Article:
MEXICO CITY, April 11 (Thomson Reuters Foundation) - Yelling commands and lunging for the ball on the balding astro turf, Khalida Popal drilled the team of nine Mexican teenage girls through soccer training, weeks before they jet off to Russia for the World Cup - the street children's version.
For Popal, former captain of the Afghan women's football team, soccer can open new avenues and boost self-esteem for the Team Mexico girls, who laughed and high-fived as they tackled and scored in the baking heat.
"When you enter the pitch, you forget about everything. The only thing you think about is the ball and the game - that's the beauty of football," said Popal, who was forced to flee her homeland after death threats.
"I know what it is being without identity, being without family, being without networks," said the ambassador for Street Child United, a British charity, wearing a number 10 top with her name emblazoned on the back.
"What always helped me to come through that tough and difficult situation was to play football."
Children from more than 20 countries, including India, Brazil and Kenya, will converge on Moscow in May for the Street Child World Cup, whose ambassadors include Brazil's Gilberto Silva and England's Alex Scott, ahead of FIFA's 2018 event.
With up to 150 million children living on the streets worldwide, according to the United Nations, the organisers hope the event can help erase the stigma surrounding street children and improve their treatment.
"This is a global issue of children not being in a safe home," said Joe Hewitt, head of Americas for Street Child United, on the pitch sidelines.
The event is also a child rights conference, said Street Child United, which works with Casa Alianza, a non-profit in Mexico that provides a home to more than 100 children, many victims of violence, sexual abuse and trafficking.
Khalida Popal coaches girls from Team Mexico for the Street Child World Cup, Mexico City, April 3, 2018.
Thomson Reuters Foundation/Joshua Mena Sada
For Mariana Nicol, who is still adjusting to her new life at Casa Alianza, football has always been a passion but she never imagined she might get a chance to train and play for Mexico.
"I can't believe it, I feel like it's a dream," said the ponytailed 14-year-old, who is trying to finish primary school.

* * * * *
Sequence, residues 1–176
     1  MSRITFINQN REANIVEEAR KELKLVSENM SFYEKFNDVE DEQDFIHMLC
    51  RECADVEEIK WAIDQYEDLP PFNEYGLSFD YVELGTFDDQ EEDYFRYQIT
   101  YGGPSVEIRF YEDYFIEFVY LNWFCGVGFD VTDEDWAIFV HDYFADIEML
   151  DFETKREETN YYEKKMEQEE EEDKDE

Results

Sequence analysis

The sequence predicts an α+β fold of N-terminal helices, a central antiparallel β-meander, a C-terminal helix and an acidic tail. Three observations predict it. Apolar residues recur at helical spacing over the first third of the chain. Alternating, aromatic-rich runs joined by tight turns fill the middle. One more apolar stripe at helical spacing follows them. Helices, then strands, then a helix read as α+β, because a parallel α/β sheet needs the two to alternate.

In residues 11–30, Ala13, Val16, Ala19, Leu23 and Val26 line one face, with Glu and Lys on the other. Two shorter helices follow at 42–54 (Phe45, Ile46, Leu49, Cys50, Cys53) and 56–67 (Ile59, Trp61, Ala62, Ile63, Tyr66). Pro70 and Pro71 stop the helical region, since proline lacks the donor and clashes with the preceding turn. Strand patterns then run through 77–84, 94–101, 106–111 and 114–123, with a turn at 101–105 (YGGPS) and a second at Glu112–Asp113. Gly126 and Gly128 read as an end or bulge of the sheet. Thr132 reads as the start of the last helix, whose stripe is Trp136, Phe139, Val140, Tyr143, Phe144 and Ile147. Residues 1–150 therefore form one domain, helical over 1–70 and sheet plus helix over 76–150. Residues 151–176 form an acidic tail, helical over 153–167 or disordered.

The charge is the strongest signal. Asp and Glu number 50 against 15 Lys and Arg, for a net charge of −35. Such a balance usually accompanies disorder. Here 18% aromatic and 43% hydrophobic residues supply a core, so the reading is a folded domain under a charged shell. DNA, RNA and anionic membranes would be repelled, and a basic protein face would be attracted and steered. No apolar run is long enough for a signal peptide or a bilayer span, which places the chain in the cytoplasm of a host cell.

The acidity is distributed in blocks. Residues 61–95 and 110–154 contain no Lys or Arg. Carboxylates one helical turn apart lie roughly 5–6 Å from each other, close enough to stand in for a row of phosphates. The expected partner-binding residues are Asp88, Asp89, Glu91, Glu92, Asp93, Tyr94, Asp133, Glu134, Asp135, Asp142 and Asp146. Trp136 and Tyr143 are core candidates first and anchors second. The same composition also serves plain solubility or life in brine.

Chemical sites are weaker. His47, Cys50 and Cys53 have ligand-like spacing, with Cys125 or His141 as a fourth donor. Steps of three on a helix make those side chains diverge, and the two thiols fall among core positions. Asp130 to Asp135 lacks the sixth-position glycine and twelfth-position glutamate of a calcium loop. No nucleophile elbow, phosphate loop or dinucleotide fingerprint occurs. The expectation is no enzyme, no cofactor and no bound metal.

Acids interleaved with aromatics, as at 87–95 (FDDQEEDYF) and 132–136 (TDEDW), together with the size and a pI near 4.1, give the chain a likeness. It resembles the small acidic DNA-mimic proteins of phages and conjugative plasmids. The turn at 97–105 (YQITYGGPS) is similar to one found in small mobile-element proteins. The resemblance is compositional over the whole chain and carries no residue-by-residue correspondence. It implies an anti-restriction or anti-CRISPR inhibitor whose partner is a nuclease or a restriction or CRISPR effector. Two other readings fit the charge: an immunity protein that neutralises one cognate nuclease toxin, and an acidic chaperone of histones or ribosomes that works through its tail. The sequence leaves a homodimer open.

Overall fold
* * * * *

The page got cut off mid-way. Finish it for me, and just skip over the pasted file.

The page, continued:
"It's exciting to be training with many kids that I know, and to then grab the ball and run with it or hand it back."
For the Mexican team from Casa Alianza - some of whom have suffered addiction, abuse and homelessness - flying to Russia will not only expand their horizons but help them see beyond the neglect that has so far dictated their lives, said its head.
"Above all, I think the most important is to know that they can achieve whatever goals they set," said Sofia Almazan Argumedo, Casa Alianza's Mexico director.
Despite growing up half a world away, the Mexican girls related to Popal's story of overcoming intense opposition and intimidation in war-torn Afghanistan to play football.
"Her personal experience is very like ours, it's very difficult. But she moved forward and, like me, sought to become a footballer," said Jazmin, 15, who also wants to become a lawyer. She declined to give her full name.
Popal recounted how Afghanistan's first women's national team worked to encourage more women and girls to play football, despite attacks and pressure from people opposed to them playing a "man's game".
"They were saying it's against men's honour and it's not made for women. Women should stay in the kitchen and wash dishes," said Popal, her long hair pulled into a tight plait.
"Many times we got attacked by groups of men. It was really, really difficult."
Khalida Popal sits on the bench with the girls from Team Mexico after training for the Street Child World Cup, Mexico City, April 3, 2018.
Thomson Reuters Foundation/Joshua Mena Sada
Fearing for her life after Taliban threats, Popal fled, counting herself "one of the luckiest women in my country" that she escaped being shot like many women's rights activists.
Spending several years underground, she eventually made her way to a Danish asylum centre where she encouraged women to play football to help ease crippling stress and depression as they awaited the results of their applications.
Now living in Copenhagen, she runs the Girl Power Organization, a non-profit she founded that uses football and sport to help better integrate minorities, including immigrants and lesbian, gay, bisexual and transgender people in Europe.
Although barriers are gradually crumbling for women in Afghanistan, said Popal, they still have to overcome significant hurdles to play football and take part in social activities.
Her home country is hardly alone - women footballers around the world need more funding, facilities and equal pay, she said, urging soccer's world governing body FIFA and local soccer federations to step up support.
"Football is my experience," said Popal, who also helped train the England Street Child World Cup team.
"It's all about team building, staying together, having networks, having friendship, happiness and feeling freedom. It empowers every woman around the world who plays this game."
Reporting by Sophie Hares; editing by Katy Migiro.
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